McCown, Kitna Battle Just Getting Started

For three consecutive days, Lions' quarterbacks Josh McCown and Jon Kitna balanced the task of remaining upbeat, but also privately understanding that each is working for the same, individual prize: the starting position in Detroit. Exclusive commentary inside.

ALLEN PARK - Optimism and competition are funny things. While they can both co-exist, they would rather not acknowledge each other.

For three consecutive days, Lions' quarterbacks Josh McCown and Jon Kitna balanced the task of remaining upbeat, but also privately understanding that each is working for the same, individual prize: the starting position in Detroit.

On Thursday, the final day of head coach Rod Marinelli's three day "voluntary" (we use that word lightly) mini-camp, the two continued an optimistic approach that will ultimately develop into a heated rivarly as the summer nears.

Marinelli said at the beginning of the camp that the position was up for grabs, but McCown went as far as to say he prefers it that way. In fact, it was a reason he came to Detroit.

"That was by design," McCown told Roar Report.com. "That was something we were adamant about -- wherever we went."

When asked if there was reason to feel pressed to nab the starting job after signing a two-year contract compared to Kitna's four-year deal, McCown seemed content with the deal in place. It was assumed at the time that if everything went well, he could negotiate an extension.

"For me, I don't feel a sense of urgency," he said. "We did (the deal) in hopes of doing something longer.

"My goal is to come in and compete, play hard as I can, and hopefully open up an opportunity to play and take it and run with it, and to be a Lion for a long time."

McCown also looked favorably on Marinelli's hard-line approach, coaching style and past. But the ability to work with Martz, he indicated, was incredibly enticing.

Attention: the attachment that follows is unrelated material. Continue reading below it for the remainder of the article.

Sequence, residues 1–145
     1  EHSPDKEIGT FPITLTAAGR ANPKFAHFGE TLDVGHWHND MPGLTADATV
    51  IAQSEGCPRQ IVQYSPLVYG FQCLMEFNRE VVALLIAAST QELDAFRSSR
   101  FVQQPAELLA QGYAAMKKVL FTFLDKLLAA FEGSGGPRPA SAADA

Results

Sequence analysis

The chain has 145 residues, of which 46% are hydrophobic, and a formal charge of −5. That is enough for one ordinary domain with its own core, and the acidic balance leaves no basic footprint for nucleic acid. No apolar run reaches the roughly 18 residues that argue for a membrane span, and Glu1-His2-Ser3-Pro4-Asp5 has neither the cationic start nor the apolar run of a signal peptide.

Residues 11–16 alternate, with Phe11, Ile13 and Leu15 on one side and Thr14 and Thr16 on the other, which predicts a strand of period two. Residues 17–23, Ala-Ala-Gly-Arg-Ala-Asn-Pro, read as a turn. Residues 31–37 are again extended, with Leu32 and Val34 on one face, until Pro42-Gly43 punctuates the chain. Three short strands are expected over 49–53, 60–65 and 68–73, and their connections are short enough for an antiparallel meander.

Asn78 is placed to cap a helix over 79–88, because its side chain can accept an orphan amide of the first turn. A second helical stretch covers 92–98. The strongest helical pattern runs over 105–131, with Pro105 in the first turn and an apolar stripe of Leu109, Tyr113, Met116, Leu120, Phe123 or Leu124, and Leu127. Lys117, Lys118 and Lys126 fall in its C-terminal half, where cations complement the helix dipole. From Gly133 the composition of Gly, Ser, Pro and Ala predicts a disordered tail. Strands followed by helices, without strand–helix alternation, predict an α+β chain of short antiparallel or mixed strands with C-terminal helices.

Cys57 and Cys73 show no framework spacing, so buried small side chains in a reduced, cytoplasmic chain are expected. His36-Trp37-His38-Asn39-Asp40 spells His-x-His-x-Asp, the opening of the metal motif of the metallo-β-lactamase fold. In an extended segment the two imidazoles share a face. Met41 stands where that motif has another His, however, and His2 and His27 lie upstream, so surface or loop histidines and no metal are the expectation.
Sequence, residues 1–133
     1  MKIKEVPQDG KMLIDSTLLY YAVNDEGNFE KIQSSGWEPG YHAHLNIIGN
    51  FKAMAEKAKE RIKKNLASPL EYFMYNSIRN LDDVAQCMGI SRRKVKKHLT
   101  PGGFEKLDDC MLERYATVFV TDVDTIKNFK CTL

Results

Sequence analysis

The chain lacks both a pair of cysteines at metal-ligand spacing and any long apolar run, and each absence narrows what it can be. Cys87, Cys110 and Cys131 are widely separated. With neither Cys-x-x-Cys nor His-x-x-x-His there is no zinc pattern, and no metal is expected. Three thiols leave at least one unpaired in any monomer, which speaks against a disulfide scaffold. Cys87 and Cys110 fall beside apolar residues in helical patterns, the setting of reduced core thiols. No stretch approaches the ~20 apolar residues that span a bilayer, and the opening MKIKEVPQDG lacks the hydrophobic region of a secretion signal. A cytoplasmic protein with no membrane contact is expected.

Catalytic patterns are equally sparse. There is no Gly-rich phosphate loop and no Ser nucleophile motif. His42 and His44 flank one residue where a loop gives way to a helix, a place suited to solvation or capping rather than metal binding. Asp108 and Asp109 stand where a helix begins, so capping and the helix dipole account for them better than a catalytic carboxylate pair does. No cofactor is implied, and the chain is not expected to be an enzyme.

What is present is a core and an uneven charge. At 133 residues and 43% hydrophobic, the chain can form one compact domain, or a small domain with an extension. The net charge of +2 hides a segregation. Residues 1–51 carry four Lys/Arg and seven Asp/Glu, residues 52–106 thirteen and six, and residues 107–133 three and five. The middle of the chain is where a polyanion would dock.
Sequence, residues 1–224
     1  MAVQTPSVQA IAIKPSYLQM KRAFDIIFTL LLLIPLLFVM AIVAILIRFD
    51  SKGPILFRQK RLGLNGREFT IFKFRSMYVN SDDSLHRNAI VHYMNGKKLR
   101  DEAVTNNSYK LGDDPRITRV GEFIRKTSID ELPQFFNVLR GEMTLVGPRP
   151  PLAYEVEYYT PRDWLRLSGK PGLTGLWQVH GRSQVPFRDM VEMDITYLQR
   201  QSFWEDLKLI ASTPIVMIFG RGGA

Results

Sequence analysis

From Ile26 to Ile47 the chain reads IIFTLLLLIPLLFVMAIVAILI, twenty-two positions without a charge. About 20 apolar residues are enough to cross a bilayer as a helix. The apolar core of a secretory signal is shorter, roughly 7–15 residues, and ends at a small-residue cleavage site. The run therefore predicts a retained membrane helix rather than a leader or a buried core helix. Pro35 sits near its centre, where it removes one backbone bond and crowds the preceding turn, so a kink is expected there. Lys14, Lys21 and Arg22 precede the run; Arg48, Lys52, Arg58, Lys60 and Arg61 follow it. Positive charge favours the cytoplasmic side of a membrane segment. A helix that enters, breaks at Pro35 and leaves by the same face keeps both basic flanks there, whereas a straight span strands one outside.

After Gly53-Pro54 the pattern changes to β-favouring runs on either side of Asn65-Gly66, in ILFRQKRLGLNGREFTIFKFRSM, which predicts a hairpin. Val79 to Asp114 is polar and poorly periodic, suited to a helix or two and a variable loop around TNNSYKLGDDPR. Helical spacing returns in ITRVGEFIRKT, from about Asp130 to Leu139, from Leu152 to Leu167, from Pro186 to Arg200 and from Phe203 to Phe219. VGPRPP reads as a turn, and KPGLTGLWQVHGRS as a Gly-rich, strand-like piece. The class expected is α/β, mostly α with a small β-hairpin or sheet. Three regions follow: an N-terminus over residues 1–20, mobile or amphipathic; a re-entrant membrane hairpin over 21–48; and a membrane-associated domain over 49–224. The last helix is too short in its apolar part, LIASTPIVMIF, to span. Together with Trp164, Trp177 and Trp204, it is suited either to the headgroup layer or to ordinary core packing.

"To add coach Mike Martz to the mix, who is running the offense that I had run three out of four years in Arizona, the familiarity was there," he said. "But he is the guy that runs this system the best. To come and get coached by him is an honor, and I felt it would help my career tremendously to just to be coached by him."

Kitna, meanwhile, would rather not dwell on Detroit's checkered past. Especially considering it doesn't involve him. So if the veteran quarterback seems incredibly optimistic about the future of the Detroit Lions franchise, it's difficult to blame him.

Kitna made mention that offensive coordinator Mike Martz's philosophy can not only work, but that it could enjoy similar success to what Martz had in St. Louis when the team went to two Super Bowls, winning one of them.

Likely, at least, if he's the starting quarterback.

"You have to take it, learn it both physically and mentally and put it into action," said Kitna. "If we do that, the guys' track record speaks for itself.

"I know people in Detroit hear that with a pretty skeptic ear, but look at his track record. Look when he was with the (St. Louis) Rams. Everybody thinks the Rams have been that good forever. They were 3-13 the year before he got there, I believe. It is what it is, and we have to go out and make it happen, but it's exciting."

The Lions coaching staff, including Martz, doused the quarterbacks with everything from basic fundamentals to intricacies of the playbook during the three day camp. In addition to the highly publicized "no non-sense" approach of Marinelli, which Kitna admitted was an attractive quality to the team when he was in the free-agent market.

"No question... because Coach Marinell is a no non-sense coach," said Kitna. "He is somebody that demands a lot out of himself so he demands a lot out of everybody else. And that's what you like."

Mike Fowler helped contribute to this report.


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